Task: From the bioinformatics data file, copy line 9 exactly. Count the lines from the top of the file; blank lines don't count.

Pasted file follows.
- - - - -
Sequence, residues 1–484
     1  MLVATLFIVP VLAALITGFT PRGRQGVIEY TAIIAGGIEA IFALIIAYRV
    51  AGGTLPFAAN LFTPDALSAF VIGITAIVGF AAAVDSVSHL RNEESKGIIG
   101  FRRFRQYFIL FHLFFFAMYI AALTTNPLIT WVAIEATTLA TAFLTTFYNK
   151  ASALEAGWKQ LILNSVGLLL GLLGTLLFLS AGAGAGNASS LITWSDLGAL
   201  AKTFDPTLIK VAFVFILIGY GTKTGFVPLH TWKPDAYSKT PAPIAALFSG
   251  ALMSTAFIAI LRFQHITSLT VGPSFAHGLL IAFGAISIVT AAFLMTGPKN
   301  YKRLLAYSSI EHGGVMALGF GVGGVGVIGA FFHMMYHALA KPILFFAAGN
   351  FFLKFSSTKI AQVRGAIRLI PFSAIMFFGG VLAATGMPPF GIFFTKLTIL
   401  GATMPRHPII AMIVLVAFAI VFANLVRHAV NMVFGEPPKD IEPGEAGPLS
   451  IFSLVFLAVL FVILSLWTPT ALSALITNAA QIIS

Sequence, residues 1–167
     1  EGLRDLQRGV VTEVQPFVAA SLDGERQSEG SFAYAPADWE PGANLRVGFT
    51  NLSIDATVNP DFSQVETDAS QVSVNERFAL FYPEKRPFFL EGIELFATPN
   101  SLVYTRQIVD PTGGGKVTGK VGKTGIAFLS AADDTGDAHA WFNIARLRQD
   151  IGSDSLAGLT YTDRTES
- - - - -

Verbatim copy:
   351  FFLKFSSTKI AQVRGAIRLI PFSAIMFFGG VLAATGMPPF GIFFTKLTIL